Bill Plante exits: 'Integrity wrapped in talent wrapped in grace'
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Scott Pelley of CBS News raised a toast to Bill Plante at a packed Mexican restaurant in Washington, D.C. last night after a video snapshot of a remarkable 52-year career.
He makes Anthony Bourdain look like a homebody. He's been everywhere: Saigon, Moscow, Selma, Berlin, Phnom Penh, maybe hundreds of other places. Wars, murders, you name the genre, he was there, as a young buck, as a wizened veteran.
At 78, he's covered five consecutive presidencies and worked with nearly a dozen different co-White House correspondents for CBS. Lesley Stahl joked that "he's outlasted about 300 CBS News presidents…and Larry Tisch," the late long-ago CBS Inc. CEO-billionaire whose tenure is not venerated.
And Pelley said aptly, "He's integrity wrapped in talent wrapped in grace." There were instant "Here, here's!" when glasses were held high.
It was a multi-generational celebration of a resilient, indefatigable journalist who's endured in a competitive TV hothouse with grit and collegiality while navigating revolutionary changes that displaced or slowed many of his generation. Throw in some personal and health ups and downs, too, and you've also got a tale of individual fortitude.
For economic reasons alone, there will be fewer journalists whose career paths span the length and geographical breadth of his. Youth and fiscal imperatives will be served in a fragmented marketplace where the credible and clickbait clash among consumers who might not differentiate between Breitbart and Bloomberg.
It was why, several hours earlier as we chatted, he mentioned just thumbing through a biography of CBS legend Edward R. Murrow, "An American Original."
Plante wanted to check something that he's repeated for years. Sure, enough, yup, it was there, on page 228 of Joseph Persico's work.
"Murrow entered Buchenwald with Patton's Third Army in April, 1945," Plante recalled for me. "But he didn’t report on what he had seen for three days, because, he said, he needed time to 'acquire detachment.' I shudder to think what his reaction would be to today’s instant everything."
A Chicago kid, Plante himself segued from the tail end of the Murrow era to the digital age and the collapse of broadcast's once impregnable business model. So, if they'd returned from the grave, what might he tell Murrow, Eric Severeid, Walter Cronkite, Charles Collingwood, or others from a brilliant CBS past, about what they've missed?
"With the whole business, it's the speed. It's obviously gone from something we considered manageable, at two news cycles a day, to a never-ending news cycle and, with that, accuracy more and more difficult. Sometimes it's as simple as no time to check."
The old hands might be aghast at the internet "since they already worried about a lack of time for (quality) news in the late 1950s. The past half century hasn't changed that much."
The instantaneous communications means, too, no more waiting days, even weeks to get something published, be it print or video. You're not taking time processing film, which "makes the editing process more difficult. Temptation to speed can override the necessity of thorough checking."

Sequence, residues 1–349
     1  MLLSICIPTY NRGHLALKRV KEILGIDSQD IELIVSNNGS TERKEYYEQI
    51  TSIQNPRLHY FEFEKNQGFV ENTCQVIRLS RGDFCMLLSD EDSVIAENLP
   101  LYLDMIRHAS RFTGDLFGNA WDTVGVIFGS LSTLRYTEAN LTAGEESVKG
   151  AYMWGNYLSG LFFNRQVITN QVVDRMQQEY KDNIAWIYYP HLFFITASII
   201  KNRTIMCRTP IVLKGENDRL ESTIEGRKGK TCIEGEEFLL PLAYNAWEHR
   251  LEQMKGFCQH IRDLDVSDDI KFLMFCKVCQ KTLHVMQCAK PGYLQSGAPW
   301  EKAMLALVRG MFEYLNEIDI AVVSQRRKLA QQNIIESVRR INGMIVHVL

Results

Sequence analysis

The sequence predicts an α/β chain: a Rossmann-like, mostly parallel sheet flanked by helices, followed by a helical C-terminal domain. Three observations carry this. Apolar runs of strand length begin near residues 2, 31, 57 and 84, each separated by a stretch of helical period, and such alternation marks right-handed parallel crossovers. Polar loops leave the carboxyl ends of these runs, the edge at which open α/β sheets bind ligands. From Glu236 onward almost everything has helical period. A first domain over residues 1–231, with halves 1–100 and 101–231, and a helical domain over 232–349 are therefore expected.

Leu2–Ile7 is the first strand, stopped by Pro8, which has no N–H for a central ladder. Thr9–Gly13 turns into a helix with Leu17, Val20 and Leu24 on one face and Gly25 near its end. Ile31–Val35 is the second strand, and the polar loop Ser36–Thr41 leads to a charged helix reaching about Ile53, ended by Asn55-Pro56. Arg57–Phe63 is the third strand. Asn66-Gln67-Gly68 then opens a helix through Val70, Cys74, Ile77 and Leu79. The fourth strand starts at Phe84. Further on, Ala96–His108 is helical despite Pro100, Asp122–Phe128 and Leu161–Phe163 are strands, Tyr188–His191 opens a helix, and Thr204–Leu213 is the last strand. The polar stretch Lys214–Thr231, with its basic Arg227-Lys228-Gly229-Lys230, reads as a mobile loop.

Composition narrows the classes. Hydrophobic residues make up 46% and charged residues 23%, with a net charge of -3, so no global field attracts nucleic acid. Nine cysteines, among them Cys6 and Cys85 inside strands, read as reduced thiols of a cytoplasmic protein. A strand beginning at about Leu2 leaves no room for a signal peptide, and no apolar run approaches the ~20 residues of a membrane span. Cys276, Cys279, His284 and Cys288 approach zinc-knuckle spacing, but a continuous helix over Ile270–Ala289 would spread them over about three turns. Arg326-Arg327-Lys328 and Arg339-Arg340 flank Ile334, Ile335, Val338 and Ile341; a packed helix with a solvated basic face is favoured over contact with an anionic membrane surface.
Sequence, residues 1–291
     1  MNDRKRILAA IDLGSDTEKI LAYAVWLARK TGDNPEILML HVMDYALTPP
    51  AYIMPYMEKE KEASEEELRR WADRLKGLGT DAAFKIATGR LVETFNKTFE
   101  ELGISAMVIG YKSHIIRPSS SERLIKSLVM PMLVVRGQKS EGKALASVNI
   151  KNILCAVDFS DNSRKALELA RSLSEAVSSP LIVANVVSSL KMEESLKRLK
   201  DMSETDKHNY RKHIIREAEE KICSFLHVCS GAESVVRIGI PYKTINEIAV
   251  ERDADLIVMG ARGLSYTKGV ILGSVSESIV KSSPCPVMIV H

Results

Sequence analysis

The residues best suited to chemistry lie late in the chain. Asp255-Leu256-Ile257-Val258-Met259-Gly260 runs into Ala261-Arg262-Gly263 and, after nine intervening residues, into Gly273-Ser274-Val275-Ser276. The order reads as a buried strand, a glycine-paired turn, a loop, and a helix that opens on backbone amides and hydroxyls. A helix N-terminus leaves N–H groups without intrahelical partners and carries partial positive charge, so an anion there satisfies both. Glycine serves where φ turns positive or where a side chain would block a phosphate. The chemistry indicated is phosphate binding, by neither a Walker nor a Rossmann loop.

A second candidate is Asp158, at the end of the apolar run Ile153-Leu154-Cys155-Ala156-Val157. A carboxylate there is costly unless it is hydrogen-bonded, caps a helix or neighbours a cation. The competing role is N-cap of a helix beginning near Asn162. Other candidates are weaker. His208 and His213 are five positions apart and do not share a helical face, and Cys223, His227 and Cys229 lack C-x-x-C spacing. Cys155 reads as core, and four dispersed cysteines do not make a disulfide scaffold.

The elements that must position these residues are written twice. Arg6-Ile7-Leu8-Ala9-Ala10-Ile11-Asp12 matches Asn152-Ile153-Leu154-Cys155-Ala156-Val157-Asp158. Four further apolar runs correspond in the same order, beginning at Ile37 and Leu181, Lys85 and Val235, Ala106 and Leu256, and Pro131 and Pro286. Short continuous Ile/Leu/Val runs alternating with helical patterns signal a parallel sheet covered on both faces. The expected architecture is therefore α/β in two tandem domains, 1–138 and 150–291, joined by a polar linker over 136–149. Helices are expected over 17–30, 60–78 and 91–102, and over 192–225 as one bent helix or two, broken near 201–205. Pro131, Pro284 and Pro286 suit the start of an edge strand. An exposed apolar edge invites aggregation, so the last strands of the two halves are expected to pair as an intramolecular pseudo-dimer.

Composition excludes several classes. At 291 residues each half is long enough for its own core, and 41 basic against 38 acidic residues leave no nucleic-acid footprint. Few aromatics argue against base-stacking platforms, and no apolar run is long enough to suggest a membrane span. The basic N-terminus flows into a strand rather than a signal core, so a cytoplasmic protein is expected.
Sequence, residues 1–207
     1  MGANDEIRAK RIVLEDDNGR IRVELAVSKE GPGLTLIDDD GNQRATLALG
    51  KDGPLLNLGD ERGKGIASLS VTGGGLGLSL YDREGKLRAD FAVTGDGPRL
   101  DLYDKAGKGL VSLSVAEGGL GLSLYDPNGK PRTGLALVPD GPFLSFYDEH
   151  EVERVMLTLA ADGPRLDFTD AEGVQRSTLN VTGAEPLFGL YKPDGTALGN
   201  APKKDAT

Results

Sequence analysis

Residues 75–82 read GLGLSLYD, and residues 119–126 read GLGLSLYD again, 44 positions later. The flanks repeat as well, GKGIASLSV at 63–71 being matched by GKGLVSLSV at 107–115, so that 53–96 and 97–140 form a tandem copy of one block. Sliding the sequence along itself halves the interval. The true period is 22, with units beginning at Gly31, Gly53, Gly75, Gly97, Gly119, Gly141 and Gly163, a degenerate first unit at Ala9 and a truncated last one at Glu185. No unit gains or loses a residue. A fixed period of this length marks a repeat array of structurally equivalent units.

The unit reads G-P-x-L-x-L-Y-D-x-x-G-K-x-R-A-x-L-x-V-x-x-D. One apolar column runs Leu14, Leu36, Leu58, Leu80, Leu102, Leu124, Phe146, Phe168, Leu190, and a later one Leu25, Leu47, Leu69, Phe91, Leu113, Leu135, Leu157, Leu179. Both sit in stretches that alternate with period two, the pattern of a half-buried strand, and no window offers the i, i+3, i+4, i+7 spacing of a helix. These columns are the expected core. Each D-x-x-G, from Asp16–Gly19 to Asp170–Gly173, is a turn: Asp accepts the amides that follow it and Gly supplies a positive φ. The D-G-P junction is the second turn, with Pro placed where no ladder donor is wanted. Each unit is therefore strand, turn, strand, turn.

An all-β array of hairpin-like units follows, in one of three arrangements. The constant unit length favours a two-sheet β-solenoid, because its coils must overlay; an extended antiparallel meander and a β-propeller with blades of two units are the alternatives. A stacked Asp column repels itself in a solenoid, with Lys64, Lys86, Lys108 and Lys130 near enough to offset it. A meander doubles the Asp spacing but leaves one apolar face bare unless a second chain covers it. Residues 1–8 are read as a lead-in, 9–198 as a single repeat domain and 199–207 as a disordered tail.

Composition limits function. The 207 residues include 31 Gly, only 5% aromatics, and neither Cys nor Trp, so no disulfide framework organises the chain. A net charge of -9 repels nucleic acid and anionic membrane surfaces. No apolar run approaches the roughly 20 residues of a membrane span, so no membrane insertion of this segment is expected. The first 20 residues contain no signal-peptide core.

Plante does not long for yesteryear or mythologize the past. He believes it's better to have more information widely shared than less. He sees great work being done at his shop and elsewhere, including covering tales that much of the press forgets, like the war in Iraq.
Those CBS giants probably "could adapt. They were smart, educated guys who, given today's circumstances, would react predictably to the scarcity of in-depth content. They would do their best to change the situation but be up against the same situation as others are up against, namely not a lot of time to 'acquire detachment.'"
For sure. But if the creative vitality in that room last night can meld with Plante's talent, integrity and grace, the onetime "Tiffany Network" will be in decent shape as Plante opens up lots of good Bourdeaux and toasts a helluva run.
Facebook data stumble
"Facebook Inc. said it has uncovered several more flawed measurements related to how consumers interact with content, raising more questions about the metrics marketers lean on to decide whether to buy ads on the social media network." (The Wall Street Journal)
The power of fake news
"In the final three months of the U.S. presidential campaign, the top-performing fake election news stories on Facebook generated more engagement than the top stories from major news outlets such as The New York Times, The Washington Post, Huffington Post, NBC News, and others, a BuzzFeed News analysis has found." (Buzzfeed)
"During these critical months of the campaign, 20 top-performing false election stories from hoax sites and hyperpartisan blogs generated 8,711,000 shares, reactions and comments on Facebook."
Add this yesterday: "The President-elect's supporters are threatening to boycott Pepsi (PEP) over fabricated statements circulating on social media. Twitter users, many citing debunked news articles, claim PepsiCo (PEP) CEO Indra Nooyi told Trump fans to 'take their business elsewhere.'" It never happened. (CNN Money)
Rachel Maddow was right last night, wondering what will ever make the NRA happy. They endorsed Donald Trump and he won. They backed lots of Republican candidates and the GOP now controls Congress. You'd thinking they'd be breaking out the champagne. No.
Gloom and doom pervades its leader's latest video outreach, "The Time Is Now." Wayne LaPierre rails against "more than 300 Obama appointed anti-gun judges," warns of the "very real challenges members face" and urges the same resolve and sense of "urgency" the loyalists have always displayed. One assumes total sincerity.
It can't possibly by a means of guarding against complacency when they've essentially just won the political Powerball.
Trump and the press "pool"